On this episode of Broad & High, an artist profile: Dennis DeVendra, a blind woodturner. Also a look at Dangerdust, the anonymous chalk artist duo from Columbus College of Arts and Design, Helping Hands Center an arts & autism based in Clintonville, Petali Teas and D’Art the Gallery Kitty at Dublin Arts Council.
Zanesville Residents React to Ney Decision
Bob Ney may have been forced out of his re-election campaign by Republican leaders. But during his six terms in Congress, Democrats in the 18th district have praised his knack for bringing home federal dollars. Zanesville’s mayor says Ney has obtained millions for his city’s infrastructure. Howard Zwelling says it’s an ability honed by his years in office.
“He has been there long enough to establish himself in a position where he knows how to pull the right strings and get things done for his constituents,” Zwelling says. “Though he and I are not of the same political ilk Bob Ney has been very good for the Zanesville, Muskingum County area.”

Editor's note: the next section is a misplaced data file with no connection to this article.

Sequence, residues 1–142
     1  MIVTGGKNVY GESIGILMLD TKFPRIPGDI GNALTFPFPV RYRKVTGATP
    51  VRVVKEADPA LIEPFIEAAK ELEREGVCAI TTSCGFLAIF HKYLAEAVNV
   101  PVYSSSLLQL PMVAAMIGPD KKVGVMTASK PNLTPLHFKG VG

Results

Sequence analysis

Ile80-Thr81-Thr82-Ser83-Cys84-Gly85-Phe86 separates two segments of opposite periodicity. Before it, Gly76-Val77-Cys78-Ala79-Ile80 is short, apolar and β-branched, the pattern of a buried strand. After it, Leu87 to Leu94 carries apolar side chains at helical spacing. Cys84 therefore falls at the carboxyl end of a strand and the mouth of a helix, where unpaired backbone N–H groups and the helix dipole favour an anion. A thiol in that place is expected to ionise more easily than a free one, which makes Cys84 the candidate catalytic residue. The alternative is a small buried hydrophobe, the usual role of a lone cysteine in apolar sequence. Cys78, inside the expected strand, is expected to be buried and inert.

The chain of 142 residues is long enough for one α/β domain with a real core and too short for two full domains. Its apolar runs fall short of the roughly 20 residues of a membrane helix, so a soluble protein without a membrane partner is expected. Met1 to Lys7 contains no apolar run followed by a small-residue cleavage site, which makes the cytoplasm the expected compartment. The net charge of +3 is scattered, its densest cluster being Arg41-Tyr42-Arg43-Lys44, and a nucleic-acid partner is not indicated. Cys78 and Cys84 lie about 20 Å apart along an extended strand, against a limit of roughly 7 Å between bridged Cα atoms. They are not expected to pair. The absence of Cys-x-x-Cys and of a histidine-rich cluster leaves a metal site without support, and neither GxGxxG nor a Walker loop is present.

But several diners in a lunch-time crowd at Tee Jays, a Zanesville restaurant, say they think longevity in office may be a large part of the problem.
“Very nice guy. Very enjoyable. Fun being around him.”
Diner Bill Phillips.
“I’m just afraid he’s been there, like so many of them, too long, and perhaps got in trouble.”
Phillips says he always believed Ney was an ethical politician – a quality more important, he says, than bringing in federal funds. Across the table Jim Federick says ethics among Congressional Republicans and Democrats is in short supply.
“I think they’re both equally at fault,” Federick says. “But I think they get complacent after they’ve been there for a while. And the work they do for their area, they say, Well, I’ve got it made.’”
Federick says he thinks Ney’s political demise should serve as a lesson to others who hold public office.
“I think that most of these politicians have got to wake up and hold themselves to a higher standard than what they are doing.”